EGU General Assembly 2022
© Author(s) 2022. This work is distributed under
the Creative Commons Attribution 4.0 License.

Unsupervised clustering of Lagrangian trajectories in the Labrador Current

Noémie Planat and Mathilde Jutras
Noémie Planat and Mathilde Jutras
  • McGill University, Montreal, Canada (

Lagrangian studies are a widely-used and powerful way to analyse and interpret phenomenons in oceanography and atmospheric sciences. Such studies can be based on dataset either consisting of real trajectories (e.g. oceanic drifters or floats) or of virtual trajectories computed from velocity outputs from model or observation-derived velocities. Such data can help investigate pathways of water masses, pollutants or storms, or identify important convection areas to name a few. As many of these analyses are based on large volumes of data that can be challenging to examine, machine learning can provide an efficient and automated way to classify information or detect patterns.

Here, we present an application of unsupervised clustering to the identification of the main pathways of the shelf-break branch of the Labrador Current, a critical component of the North Atlantic circulation. The current flows southward along the Labrador Shelf and splits in the region of the Grand Banks, either retroflecting north-eastward and feeding the subpolar basin of the North Atlantic Ocean (SPNA) or continuing westward along the shelf-break, feeding the Slope Sea and the east coast of North America. The proportion feeding each area impacts their salinity and convection, as well as their biogeochemistry, with consequences on marine life.

Our dataset is composed of millions of virtual particle trajectories computed from the water velocities of the GLORYS12 ocean reanalysis. We implement an unsupervised Machine Learning clustering algorithm on the shape of the trajectories. The algorithm is a kernalized k-means++ algorithm with a minimal number of hyperparameters, coupled to a kernalized Principal Component Analysis (PCA) features reduction. We will present the pre-processing of the data, as well as canonical and physics-based methods for choosing the hyperparameters.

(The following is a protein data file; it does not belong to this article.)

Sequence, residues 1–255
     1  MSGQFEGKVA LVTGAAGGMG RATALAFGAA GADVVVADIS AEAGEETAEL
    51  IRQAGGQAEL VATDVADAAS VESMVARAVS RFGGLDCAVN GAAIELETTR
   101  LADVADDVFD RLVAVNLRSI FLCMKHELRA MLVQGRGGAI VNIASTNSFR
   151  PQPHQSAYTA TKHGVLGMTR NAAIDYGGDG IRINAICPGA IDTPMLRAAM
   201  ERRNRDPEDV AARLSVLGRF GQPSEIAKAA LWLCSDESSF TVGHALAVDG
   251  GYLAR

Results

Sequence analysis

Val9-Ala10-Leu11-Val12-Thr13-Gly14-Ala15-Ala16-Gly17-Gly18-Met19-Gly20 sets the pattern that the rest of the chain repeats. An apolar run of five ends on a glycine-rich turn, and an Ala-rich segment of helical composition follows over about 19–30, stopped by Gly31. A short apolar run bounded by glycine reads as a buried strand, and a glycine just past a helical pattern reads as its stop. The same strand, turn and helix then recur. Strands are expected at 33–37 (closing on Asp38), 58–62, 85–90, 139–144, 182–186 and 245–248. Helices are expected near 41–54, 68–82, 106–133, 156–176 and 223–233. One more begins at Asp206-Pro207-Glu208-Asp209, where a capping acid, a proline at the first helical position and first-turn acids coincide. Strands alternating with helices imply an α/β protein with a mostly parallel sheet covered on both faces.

The algorithm identifies six main pathways of the Labrador Current. Applying the resulting classification method to 25 years of ocean reanalysis, we quantify the relative importance of the six pathways in time and construct a retroflection index that is used to study the drivers of the retroflection variability. This study highlights the potential of such a simple clustering method for Lagrangian trajectory analysis in oceanography or in other climate applications.

How to cite: Planat, N. and Jutras, M.: Unsupervised clustering of Lagrangian trajectories in the Labrador Current, EGU General Assembly 2022, Vienna, Austria, 23–27 May 2022, EGU22-11216,, 2022.

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